“These are the stories we teach our children”

The following quotation is from Short Street galleries website in association with their exhibition “These are the stories we teach our children” – In memory of Kunmanara Williamson. An exhibition from the women artists of Amata.

These works remind us of the imperative significance of inter-generational wisdom. Each work is weighted with a sense of importance, these are not just simple landscapes, they are imbued with meanings of things that are fundamental to our existence. In celebrating country, these women are emphasising the very nature and the significance of consciousness itself.


Phyllis Thomas’s living art




Unlike most contemporary Aboriginal artists who use acrylic paint, Phyllis Thomas paints ochre on canvas.

Being a Kitja ochre artist, she paints Daiwal (Barramundi) Dreaming. In order to catch the fish, people throw leaves into the water to make the barramundi sleepy – they then rise to the surface and are easier to catch! The leaves turn the water a red colour – hence Phyllis has painted the scales of the fish using red ochre. The black canvas behind represents the women’s skin.

The image on the left shows the elder women of the Kitja community semi dressed and displaying the body paint of the Barramundi on the top half of their bodies, in anticipation of Women’s Business. I find the picture interested and yet somehow disturbing – did the women wear their bra’s to protect their own modesty or the sensibilities of the gathered crowd?

My People’s Dreaming

I have just read Max Dulumunmun Harrison’s book “My People’s Dreaming”.
Beautifully illustrated with photography by Peter McConchie, the book speaks about life, land, spirit and forgiveness. In a clear, concise and simple narrative the author describes concepts such as The Dreaming, songlines, the spirits, totems, skin names, ceremony and many more intricate aspects of Aboriginal lore.

Max takes the reader on a visual journey of his country in the Gulaga Mountains, near the Shoalhaven river, carefully describing the physical nature of his land and the emotional and spiritual impact it has on himself, his two grandsons who accompany us on the journey, and his people.

I really appreciated the intimate way that Max imparted his knowledge and throughout out the book, I had the sense that he was talking directly to me in the most personal and gentle manner. I hope you get the chance to read this book, as it has given me an insight which is invaluable in my understanding of Aboriginal culture.

From the Land to the canvas

On a recent visit to Alice Springs, Walpiri artist Judy Watson Napangardi arrived with her own stock of fresh bush tomatoes to eat. The bush tomato is one of the stories that Judy depicts in her paintings – see below.
Judy’s paintings are characterised by strong organic lines and circles and heavily textured overlays of sweet muted pastel tones or the more vibrant primary hues.
She also paints the stories of honey ants, digging sticks, snake vines and the hair-string belt, made famous by her contemporary Makinti Napanagka.She also paints the stories of honey ants, digging sticks, snake vines and the hair-string belt, made famous by her contemporary Makinti Napanagka.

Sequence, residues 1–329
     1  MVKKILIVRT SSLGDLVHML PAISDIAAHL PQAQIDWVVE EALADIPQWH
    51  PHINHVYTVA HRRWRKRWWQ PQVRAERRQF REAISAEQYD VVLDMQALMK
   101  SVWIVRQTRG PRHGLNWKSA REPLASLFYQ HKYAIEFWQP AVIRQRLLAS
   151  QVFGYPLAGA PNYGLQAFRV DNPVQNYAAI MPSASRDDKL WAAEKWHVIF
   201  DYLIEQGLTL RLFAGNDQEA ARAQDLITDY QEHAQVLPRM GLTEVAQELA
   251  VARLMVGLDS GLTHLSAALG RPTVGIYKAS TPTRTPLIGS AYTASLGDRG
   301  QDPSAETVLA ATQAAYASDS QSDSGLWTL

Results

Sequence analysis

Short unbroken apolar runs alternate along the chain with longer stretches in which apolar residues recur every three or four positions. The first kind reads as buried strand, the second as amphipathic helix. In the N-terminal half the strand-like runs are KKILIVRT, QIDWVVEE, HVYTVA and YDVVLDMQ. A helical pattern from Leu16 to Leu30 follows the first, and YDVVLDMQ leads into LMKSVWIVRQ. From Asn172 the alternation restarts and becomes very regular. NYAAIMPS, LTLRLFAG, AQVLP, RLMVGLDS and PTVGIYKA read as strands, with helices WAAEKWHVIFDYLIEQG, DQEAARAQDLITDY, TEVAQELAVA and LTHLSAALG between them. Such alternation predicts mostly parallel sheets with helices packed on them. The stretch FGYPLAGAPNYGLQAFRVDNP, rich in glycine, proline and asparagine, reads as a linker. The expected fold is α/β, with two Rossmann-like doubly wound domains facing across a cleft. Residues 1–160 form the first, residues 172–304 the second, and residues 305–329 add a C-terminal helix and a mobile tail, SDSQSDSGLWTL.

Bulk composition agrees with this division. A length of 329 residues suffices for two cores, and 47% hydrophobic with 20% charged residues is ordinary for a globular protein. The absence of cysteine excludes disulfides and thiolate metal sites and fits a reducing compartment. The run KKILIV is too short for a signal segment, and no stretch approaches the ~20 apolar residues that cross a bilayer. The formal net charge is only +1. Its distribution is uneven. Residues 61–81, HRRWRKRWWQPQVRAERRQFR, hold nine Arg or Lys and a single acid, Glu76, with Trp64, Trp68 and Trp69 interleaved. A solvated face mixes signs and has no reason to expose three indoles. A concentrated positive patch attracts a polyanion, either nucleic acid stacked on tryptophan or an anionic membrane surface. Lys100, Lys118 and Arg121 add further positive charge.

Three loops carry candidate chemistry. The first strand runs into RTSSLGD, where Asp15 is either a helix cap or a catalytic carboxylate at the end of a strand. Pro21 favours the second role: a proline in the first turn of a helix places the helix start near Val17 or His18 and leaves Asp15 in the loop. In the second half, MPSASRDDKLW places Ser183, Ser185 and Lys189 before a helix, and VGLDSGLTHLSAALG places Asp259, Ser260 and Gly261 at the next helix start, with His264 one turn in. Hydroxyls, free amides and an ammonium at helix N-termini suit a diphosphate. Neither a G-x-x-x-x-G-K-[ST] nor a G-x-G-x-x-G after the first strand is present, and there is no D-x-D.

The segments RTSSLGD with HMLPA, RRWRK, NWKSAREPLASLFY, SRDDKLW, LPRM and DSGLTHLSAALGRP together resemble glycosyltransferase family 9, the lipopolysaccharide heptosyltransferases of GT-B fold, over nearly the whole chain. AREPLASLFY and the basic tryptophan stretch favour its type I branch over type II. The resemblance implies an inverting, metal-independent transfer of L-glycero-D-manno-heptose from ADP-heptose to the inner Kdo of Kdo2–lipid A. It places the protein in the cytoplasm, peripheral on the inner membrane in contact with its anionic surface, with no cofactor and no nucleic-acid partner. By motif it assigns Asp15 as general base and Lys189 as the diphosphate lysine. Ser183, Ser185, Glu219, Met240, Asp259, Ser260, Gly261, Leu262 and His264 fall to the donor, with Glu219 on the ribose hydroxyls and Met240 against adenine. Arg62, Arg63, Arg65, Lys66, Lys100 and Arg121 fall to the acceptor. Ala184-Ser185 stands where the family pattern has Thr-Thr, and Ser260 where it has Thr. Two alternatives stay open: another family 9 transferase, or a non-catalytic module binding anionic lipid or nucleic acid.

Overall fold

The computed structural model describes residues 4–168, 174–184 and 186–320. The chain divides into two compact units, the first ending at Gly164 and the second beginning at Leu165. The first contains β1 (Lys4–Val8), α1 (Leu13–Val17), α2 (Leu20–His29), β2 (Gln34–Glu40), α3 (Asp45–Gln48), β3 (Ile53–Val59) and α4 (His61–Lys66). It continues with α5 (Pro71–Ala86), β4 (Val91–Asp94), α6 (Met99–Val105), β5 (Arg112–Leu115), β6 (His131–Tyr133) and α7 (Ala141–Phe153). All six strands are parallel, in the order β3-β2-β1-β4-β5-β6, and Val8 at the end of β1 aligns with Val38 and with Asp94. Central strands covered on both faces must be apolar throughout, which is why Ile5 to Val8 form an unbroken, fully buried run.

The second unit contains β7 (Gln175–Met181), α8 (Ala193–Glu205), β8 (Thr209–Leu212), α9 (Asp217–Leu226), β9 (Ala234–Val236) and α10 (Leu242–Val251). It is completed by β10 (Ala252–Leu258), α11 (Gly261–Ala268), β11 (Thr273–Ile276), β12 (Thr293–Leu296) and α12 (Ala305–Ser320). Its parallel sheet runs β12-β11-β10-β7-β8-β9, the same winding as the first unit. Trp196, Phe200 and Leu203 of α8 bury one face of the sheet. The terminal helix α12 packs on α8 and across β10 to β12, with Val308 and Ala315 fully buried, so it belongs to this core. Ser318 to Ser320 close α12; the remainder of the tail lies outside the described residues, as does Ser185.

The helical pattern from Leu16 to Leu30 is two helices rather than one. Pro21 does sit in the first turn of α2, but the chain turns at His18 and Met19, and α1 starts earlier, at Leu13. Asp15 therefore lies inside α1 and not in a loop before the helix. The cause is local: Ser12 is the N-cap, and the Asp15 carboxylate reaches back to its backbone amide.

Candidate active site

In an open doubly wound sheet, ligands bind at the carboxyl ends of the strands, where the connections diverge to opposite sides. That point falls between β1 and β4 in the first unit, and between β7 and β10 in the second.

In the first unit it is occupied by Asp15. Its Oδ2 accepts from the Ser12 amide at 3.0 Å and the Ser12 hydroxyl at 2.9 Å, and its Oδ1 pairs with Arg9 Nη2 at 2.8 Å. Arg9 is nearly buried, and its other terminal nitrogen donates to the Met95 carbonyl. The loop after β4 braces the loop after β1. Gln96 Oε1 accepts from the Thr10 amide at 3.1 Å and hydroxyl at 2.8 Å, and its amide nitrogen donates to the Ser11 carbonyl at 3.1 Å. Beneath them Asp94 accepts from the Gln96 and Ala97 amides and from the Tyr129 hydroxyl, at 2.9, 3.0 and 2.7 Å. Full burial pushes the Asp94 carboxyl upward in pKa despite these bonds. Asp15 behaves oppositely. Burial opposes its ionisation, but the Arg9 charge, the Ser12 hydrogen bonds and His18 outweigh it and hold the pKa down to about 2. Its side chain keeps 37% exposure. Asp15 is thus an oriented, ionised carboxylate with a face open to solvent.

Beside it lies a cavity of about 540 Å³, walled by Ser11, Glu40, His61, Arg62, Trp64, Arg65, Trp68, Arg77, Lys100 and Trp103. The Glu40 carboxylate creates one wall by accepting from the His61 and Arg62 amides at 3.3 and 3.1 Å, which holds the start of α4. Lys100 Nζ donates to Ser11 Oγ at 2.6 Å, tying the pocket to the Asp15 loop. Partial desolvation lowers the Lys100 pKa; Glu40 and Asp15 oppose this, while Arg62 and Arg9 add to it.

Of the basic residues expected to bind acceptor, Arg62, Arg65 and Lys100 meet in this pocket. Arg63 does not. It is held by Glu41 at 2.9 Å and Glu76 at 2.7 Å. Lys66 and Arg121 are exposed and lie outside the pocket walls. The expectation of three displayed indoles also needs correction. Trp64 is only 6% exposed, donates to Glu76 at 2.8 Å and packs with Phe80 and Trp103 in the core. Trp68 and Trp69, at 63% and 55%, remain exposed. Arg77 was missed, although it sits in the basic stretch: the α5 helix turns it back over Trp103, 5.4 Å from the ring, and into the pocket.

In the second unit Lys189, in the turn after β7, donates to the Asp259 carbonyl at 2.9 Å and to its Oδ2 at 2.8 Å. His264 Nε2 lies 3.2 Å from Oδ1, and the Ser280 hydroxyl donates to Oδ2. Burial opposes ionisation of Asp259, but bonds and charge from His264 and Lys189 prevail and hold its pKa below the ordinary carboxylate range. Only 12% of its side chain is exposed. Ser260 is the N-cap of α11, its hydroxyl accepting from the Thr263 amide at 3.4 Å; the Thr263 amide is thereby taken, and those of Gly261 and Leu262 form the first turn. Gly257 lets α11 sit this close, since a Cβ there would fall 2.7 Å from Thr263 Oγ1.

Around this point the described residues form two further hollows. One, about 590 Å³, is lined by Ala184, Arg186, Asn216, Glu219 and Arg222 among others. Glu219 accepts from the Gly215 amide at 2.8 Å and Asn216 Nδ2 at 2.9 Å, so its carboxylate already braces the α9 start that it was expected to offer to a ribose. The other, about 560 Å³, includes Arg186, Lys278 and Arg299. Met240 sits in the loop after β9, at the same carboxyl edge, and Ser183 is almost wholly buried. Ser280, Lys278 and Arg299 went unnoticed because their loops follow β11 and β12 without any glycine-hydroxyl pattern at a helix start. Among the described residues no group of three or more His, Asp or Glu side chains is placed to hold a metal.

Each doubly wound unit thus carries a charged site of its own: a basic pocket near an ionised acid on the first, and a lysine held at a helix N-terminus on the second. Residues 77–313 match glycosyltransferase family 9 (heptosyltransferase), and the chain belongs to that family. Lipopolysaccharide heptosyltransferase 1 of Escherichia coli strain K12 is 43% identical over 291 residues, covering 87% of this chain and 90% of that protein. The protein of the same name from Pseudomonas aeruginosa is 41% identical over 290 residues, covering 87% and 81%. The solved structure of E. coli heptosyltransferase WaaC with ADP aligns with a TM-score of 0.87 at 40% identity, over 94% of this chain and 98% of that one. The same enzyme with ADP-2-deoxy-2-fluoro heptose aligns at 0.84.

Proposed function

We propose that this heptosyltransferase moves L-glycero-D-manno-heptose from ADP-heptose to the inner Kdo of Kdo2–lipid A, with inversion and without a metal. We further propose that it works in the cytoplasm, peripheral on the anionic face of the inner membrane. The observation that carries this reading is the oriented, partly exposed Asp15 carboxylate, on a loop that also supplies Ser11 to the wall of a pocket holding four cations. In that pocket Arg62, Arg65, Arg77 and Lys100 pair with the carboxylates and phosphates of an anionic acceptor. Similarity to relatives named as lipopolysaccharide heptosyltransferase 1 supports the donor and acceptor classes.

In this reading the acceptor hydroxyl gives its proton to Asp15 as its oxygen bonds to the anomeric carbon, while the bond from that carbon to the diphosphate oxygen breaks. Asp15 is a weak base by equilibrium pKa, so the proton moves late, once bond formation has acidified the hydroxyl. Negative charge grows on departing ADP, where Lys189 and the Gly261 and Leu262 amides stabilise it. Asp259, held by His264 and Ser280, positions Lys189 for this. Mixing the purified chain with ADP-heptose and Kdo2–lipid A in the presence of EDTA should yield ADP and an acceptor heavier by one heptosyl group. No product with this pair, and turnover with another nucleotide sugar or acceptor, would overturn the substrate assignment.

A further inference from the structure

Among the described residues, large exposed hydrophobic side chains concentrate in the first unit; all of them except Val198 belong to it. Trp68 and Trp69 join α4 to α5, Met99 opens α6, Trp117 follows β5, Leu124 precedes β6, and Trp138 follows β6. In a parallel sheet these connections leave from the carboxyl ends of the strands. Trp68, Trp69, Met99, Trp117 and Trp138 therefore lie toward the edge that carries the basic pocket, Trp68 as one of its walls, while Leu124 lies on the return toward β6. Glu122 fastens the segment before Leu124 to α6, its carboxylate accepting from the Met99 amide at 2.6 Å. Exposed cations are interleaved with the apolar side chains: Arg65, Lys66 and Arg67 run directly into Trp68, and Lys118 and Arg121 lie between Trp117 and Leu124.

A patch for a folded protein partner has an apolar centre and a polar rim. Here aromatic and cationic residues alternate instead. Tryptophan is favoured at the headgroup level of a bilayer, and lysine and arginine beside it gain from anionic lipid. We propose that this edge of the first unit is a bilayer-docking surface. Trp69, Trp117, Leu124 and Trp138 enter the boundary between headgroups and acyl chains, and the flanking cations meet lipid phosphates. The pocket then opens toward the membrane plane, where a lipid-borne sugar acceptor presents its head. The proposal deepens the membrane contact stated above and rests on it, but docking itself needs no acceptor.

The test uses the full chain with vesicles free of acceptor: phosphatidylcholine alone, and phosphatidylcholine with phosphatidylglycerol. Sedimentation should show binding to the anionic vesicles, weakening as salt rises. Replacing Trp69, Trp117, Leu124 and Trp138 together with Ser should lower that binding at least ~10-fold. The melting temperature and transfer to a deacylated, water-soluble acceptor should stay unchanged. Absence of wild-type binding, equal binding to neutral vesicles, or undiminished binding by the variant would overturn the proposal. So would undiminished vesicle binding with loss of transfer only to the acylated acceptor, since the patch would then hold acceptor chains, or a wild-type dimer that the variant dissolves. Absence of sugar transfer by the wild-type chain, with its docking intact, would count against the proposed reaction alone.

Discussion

You’ve just got to love it!

Whether you are buying a piece of art for the first time or are adding to an existing collection of works, the most important criteria is that you are passionate about the painting.

A frequent question that I am asked as an art consultant is “How do you know what painting to buy?” The simple answer and the complicated answer is – “Buy it because you love it”. If you are buying art as an investment there will be other criteria such as  growth potential, the  investment potential of particular artists, long and short term growth prospects etc etc etc.

However, if you don’t have an affinity with the painting, if it dosent speak to you… and if you can’t establish a conversation with the painting, then why would you want it hanging around, every day in your life?

A painting, well placed, will augment a living space more than any other object. Once you have lived with one beautiful Aboriginal painting, it is highly likely that you will want to fill your entire home with them!

Be careful, that’s exactly what happened to me!


Same subject, different interpretations by Nyuju Stumpy Brown


Visually commanding, this painting by Nyuju Stumpy Brown has such hot, raw energy and activity – the bold oval black ring pulsating out from the centre of the work. For me, it is so contemporary and a perfectly balanced example of her work. In it Stumpy is depicting the water holes and sacred ceremonial sites of her country.
Painted around the same time, this second painting, depicting three of the major watering holes has a beautiful organic quality -for me the shapes are a celebration of womanhood – curvaceous, nurturing, encompassing, continuous, bold and vibrant.

Sally Gabori unleashed

This extraordinary Sally Gabori painting is the latest in my stable of works – measuring 1500 x 2000mm it is an amazing example of Sally’s bold unfettered approach to shape, colour and contrast. Now in her late 80’s, Sally continues to consolidate a new language in contemporary Aboriginal iconography – challenging abstract non indigenous art and yet finding her historical expression and motivation in the world’s oldest living culture